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Practically how we see Copper losses are equal to iron losses in a transformer

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    \$\begingroup\$ In practice, how do we achieve equal copper and iron losses in a transformer? \$\endgroup\$ – DKNguyen Feb 3 at 5:54
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    \$\begingroup\$ Welcome to EE.SE. Please add some more words to your question, as it is hardly intellegible. \$\endgroup\$ – Ariser - reinstate Monica Feb 3 at 13:20
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We don't see iron losses equal to copper losses in a transformer.

Iron losses are due to the input voltage, so are the same (roughly) at no load and full load. In fact, they're slightly lower at full load as the primary voltage drop requires less flux swing.

Copper losses are due to the current flowing, so are small at no load and large at full load.

As the load varies, then so does the proportion of iron and copper losses.

When we design a transformer, we pick an operating level, and change the transformer dimensions to optimise losses at that operating point. Choosing to make iron and copper losses equal at that power level is a good starting point for optimising the transformer, but may not be the end of the optimisation.

For instance, when we make a transformer that spends most of its time at low load, like an audio power amplifier, we may choose a low flux to minimise iron hysteresis loss, maximising its inductance which minimises magnetising current, which minimises copper losses. The cost of this is that the many turns required means copper losses are high during its brief full load operation.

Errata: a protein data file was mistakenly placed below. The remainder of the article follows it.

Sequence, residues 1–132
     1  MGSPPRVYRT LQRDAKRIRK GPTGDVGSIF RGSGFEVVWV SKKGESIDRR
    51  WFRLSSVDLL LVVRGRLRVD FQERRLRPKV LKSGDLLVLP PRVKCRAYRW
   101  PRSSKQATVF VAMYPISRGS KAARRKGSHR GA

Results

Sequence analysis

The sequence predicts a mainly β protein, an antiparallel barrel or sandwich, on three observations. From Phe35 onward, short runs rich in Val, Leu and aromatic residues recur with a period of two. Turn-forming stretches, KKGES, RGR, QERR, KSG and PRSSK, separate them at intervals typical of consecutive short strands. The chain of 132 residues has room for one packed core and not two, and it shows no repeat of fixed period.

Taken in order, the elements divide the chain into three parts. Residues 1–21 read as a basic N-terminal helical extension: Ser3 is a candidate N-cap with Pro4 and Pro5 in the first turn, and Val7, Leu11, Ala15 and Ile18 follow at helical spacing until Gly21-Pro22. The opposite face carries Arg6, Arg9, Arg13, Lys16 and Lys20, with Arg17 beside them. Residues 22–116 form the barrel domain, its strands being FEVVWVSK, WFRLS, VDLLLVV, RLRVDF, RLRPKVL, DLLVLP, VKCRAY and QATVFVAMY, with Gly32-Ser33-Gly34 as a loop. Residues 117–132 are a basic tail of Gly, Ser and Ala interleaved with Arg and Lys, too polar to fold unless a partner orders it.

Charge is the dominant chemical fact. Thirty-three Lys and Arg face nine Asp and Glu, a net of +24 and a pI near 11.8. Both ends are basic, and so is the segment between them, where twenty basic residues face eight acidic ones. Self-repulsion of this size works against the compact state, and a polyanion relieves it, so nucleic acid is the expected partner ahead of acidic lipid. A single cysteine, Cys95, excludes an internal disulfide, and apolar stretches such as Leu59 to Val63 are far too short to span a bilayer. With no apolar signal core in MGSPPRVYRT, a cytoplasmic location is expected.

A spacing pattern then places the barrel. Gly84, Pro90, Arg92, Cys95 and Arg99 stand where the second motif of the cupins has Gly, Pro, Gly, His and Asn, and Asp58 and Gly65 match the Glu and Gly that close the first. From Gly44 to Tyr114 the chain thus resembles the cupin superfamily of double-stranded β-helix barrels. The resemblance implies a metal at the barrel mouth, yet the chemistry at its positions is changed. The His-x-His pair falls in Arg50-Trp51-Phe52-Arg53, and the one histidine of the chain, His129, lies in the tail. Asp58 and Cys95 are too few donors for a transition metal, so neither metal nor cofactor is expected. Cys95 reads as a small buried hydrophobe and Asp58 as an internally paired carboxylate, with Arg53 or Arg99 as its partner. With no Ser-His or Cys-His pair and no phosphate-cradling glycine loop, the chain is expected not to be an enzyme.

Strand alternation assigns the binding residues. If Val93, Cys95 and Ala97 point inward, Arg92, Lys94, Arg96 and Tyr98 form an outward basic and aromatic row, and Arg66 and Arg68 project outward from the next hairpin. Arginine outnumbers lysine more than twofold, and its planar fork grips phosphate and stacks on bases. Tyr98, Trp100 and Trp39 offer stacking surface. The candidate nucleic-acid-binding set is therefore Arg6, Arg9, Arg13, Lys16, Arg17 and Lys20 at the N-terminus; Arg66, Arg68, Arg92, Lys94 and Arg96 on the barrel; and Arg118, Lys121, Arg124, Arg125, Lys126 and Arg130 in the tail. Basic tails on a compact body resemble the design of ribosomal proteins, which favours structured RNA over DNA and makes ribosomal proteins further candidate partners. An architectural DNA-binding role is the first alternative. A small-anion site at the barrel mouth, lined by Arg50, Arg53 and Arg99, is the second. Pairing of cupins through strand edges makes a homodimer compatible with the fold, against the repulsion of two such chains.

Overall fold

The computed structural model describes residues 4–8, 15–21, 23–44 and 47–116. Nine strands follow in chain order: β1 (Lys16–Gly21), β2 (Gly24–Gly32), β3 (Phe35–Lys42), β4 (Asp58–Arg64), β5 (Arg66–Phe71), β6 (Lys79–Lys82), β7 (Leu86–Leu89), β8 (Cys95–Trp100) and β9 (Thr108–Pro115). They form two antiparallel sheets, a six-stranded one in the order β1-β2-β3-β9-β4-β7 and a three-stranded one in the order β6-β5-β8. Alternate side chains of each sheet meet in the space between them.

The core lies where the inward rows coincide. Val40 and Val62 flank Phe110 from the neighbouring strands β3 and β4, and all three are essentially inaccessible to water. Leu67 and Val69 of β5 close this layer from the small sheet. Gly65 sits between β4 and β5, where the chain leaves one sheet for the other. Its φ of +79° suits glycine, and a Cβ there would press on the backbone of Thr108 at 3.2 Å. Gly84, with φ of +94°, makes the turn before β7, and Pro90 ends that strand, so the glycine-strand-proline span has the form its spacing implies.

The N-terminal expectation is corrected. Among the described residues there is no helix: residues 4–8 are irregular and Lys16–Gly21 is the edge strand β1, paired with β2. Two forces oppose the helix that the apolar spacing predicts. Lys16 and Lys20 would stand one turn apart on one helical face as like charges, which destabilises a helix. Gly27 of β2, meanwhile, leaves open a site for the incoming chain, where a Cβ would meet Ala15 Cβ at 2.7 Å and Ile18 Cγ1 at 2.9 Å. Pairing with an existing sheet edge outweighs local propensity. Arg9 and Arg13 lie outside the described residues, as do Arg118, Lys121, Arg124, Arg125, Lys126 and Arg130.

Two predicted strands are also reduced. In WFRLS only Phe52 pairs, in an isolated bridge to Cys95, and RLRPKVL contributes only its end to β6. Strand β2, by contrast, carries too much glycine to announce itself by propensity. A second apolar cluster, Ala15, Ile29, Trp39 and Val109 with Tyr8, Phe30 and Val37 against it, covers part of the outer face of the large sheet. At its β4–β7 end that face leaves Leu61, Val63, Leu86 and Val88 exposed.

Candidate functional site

In contrast, when designing a microwave oven transformer which only operates at full load and has forced air cooling, flux is pushed up to the limit, and beyond, resulting in a magnetising current more or less equal in magnitude to the load current. However, these currents are in quadrature, so do not add up as badly as it first seems. This minimises the number of turns needed. These transformers get nearly as hot operated off load as on.

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Iron losses are only equal to copper losses at one operating point, which has the importance of being the point of maximum efficiency.

To understand this you have to know what iron and copper losses are, and how they vary with loading. Iron losses are caused by hysteresis and eddy currents in the magnetic core. For a given input voltage and frequency this loss is practically fixed (and usually quite small). Copper loss is caused by current flowing through the resistance of the windings. It is proportional to current squared, so it increases exponentially as output current increases.

With no load the transformer's efficiency is zero, since it uses some power to magnetize the core but outputs no power. As load is increased the efficiency goes up because it is now outputting power, but copper loss also increases so at some point the efficiency starts dropping again. The way the math works out, peak efficiency occurs when copper loss equals iron loss.

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